I'd say that I agree with much of what you say and I agree with commenters who suggest taking a few years to develop grown-up skills and get a clearer idea of what it is that actually interests you. Certainly, my colleagues who did that (and who had the kind of financial cushion you can get from, say, selling your house and living off the interest, or being married to someone who supports you) did much better than me. But I don't wish I had never done it, for all that it's been a blight on my twenties and is by most measures, a horrible failure, because my life would have followed a much shorter, nastier arc from Brilliant Student to Wasted Potential, back working on a fish farm or in a b and b and wondering what the hell happened to my life.

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Date: 2013-01-22 05:39 pm (UTC)
yvi: (Geek - Computer Science is my boyfriend)
From: [personal profile] yvi
It will do horrible things to your mental and physical health and test to breaking point every significant relationship in your life.

*sighs* my husband is in his last year. Oh, how I could sign this :/

I chose to go into "the industry" instead and while there have been a few moments of "aw, I wish I was doing science again", I don't regret it at all.

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Date: 2013-01-22 05:46 pm (UTC)
jenett: the milky way emerging from silhouetted hills (Default)
From: [personal profile] jenett
Oh, this is all very useful.

First (as someone who has a MLIS, and who hangs out with academics, and who has a friend currently working on finishing a PhD in the humanities) yes, to all of this. Specific pieces:

- I very much agree with Elf's comments about initiatory witchcraft. You want to do a process that will fundamentally reshape you with people you trust not to break you. And academia makes that hard, because you don't get much - if any - chance to really meet the people you'll be working with before you have to work extensively with them. Which is a sort of large flaw.

(There is no real equivalent to "come hang out at some open rituals and social events and see how you like us" for academia: you get highly structured events/interviews/whatever, and very little one-on-one time. And even if you had that time with your supervisors/professors, you don't get it with your cohort until you all show up on campus.)

- I also agree with the advice that taking time away from academia (or even just not-working-on-degrees can be really helpful) The friend who's finishing her PhD (she's on schedule to finish in spring 2014) is my age (late 30s), got her Master's right after we finished undergrad, but then took time to work.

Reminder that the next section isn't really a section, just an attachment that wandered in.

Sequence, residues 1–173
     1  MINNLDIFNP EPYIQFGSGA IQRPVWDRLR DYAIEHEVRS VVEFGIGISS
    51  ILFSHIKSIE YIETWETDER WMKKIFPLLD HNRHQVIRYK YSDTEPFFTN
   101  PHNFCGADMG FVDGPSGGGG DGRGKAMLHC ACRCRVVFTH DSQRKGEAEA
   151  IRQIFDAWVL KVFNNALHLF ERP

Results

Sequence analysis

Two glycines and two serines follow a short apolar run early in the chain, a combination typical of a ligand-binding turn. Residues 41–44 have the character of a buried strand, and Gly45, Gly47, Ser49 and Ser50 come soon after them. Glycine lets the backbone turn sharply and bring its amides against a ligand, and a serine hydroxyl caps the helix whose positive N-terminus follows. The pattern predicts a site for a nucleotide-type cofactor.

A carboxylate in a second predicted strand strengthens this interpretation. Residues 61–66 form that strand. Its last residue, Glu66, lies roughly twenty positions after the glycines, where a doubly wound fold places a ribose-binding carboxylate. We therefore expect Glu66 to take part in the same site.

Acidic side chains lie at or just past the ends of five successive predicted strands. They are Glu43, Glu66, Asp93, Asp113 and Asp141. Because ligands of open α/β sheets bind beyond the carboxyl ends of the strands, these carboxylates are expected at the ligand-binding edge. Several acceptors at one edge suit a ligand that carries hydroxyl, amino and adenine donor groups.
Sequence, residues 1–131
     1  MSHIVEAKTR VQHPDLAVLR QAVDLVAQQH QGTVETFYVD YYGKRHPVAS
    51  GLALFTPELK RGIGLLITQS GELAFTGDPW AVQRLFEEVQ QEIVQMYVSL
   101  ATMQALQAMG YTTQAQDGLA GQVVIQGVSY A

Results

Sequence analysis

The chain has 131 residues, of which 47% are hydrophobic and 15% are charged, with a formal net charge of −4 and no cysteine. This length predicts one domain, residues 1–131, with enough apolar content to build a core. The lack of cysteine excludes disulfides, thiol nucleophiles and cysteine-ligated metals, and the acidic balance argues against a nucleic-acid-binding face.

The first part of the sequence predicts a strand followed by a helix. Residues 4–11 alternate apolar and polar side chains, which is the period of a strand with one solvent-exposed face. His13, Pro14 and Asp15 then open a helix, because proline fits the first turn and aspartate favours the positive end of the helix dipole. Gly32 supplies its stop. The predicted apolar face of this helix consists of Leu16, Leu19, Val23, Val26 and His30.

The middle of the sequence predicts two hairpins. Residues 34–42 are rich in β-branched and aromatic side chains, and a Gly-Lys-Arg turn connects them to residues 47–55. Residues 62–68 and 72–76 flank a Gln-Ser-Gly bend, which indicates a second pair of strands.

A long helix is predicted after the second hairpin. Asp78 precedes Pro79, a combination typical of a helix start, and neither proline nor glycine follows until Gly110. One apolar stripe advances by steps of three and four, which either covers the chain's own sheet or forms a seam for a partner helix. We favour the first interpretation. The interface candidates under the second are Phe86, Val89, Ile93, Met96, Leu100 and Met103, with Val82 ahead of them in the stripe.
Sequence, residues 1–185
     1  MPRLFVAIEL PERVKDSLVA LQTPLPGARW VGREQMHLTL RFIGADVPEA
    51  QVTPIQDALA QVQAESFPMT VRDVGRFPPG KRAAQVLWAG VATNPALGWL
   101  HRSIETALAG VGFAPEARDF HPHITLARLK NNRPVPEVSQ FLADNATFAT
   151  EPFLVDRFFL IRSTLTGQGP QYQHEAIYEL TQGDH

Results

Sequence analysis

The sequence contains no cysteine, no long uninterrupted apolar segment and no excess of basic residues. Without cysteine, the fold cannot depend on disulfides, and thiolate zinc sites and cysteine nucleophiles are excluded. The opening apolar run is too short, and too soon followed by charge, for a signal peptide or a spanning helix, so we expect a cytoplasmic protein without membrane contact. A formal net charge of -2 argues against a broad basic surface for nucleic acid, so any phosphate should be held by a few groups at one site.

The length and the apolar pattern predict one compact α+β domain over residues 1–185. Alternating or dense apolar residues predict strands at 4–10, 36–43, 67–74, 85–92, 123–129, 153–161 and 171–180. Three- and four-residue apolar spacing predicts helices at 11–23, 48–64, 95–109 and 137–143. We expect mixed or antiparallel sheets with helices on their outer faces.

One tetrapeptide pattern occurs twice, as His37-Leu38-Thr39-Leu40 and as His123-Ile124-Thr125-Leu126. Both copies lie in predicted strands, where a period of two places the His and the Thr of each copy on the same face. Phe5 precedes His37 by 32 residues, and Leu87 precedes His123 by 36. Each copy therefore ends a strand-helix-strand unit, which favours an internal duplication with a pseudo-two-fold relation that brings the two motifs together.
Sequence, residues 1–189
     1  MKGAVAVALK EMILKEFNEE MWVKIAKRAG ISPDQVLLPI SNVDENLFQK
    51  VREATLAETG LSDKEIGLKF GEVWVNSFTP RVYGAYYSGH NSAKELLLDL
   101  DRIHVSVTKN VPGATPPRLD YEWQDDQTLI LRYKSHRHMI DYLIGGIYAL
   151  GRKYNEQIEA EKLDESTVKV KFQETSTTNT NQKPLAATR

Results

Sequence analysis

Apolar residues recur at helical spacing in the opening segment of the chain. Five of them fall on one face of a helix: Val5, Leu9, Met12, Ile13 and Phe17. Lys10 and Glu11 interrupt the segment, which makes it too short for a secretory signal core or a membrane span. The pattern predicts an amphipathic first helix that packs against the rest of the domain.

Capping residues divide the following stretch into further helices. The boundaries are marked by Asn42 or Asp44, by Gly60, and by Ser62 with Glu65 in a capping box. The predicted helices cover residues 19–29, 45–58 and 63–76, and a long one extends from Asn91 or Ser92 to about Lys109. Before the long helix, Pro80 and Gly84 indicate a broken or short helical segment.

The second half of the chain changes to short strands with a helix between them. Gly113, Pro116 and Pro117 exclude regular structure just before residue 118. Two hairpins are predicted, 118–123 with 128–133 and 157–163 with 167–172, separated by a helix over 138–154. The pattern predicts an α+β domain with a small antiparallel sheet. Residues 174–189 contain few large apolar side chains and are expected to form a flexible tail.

Most of that was at our college, as a lab assistant, but it gave her a lot of chance to decide what she wanted to do, where she wanted to do it, etc. (And it's also meant she's had more time to research funding options, the schools that would be the best fit for her, etc.) because she wasn't trying to fit all of that around an existing degree finishing at the same time.)

- The other part about some PhDs - depending on field - is that they may very well mean picking up and moving somewhere else for an extended period of time. (Said friend just spent a year in Japan, but it's plenty common for people to need to spend a month or two researching, or working with an archive somewhere else, or moving to where a researcher is doing X thing, or whatever.)

And it's quite likely (starting from your undergrad) that you're looking at at least 2-3 and possibly 4-5 moves to different schools, locations, etc.

If you're someone who is geographically dependent for other reasons, or if you're someone who likes having local friends (but is not always quick to make new ones), you may find yourself really isolated socially at a time in your life when you particularly need some friendly people. (Even just for the stupid stuff, like company while moving apartments, or to bring you soup if you're sick.)

And if you're someone who has geographic limitations on where you're live (I do not do well with heat, for example, so a lot of the US South is really not a good fit) you have to be really really aware that there might only be a handful of positions in your field at the end of the degree, and you might need to compromise in all sorts of other ways to be able to even consider making those jobs work. (i.e. be far away from family, friends, places you'd enjoy living more, places your partner could find ideal work for them, etc.) People make that work, and it's not always dire, but it's really not easy.

- And finally, there's a lot of bits about what it takes to succeed with what happens *after* you get the degree. Some people are fine with working out how you navigate references and explaining your research to search committees, and handling applications and rejections for jobs, and so on -but some people find it all entirely baffling, or that it hits *all* of their trigger buttons. And that's tricky.

- And on the larger topic, I have the same issue with people wanting a MLIS (which is a much smaller commitment in time and money). And part of me wants to go "Yay, Librarians!" because I do think the profession is awesome.

And part of me wants to go "Look, be realistic. Let me tell you about the job market. Let me tell you about the future of the field. Let me tell you what you really need to succeed in both." And people sorta don't want to listen to that.

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Date: 2013-01-22 05:58 pm (UTC)